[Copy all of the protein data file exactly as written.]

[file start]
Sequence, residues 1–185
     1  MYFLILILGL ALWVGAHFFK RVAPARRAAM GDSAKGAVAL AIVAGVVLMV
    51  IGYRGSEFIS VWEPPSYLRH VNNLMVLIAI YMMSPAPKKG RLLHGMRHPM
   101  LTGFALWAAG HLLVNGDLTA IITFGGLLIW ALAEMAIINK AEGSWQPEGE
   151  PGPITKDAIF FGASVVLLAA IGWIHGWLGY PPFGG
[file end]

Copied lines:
Sequence, residues 1–185
     1  MYFLILILGL ALWVGAHFFK RVAPARRAAM GDSAKGAVAL AIVAGVVLMV
    51  IGYRGSEFIS VWEPPSYLRH VNNLMVLIAI YMMSPAPKKG RLLHGMRHPM
   101  LTGFALWAAG HLLVNGDLTA IITFGGLLIW ALAEMAIINK AEGSWQPEGE
   151  PGPITKDAIF FGASVVLLAA IGWIHGWLGY PPFGG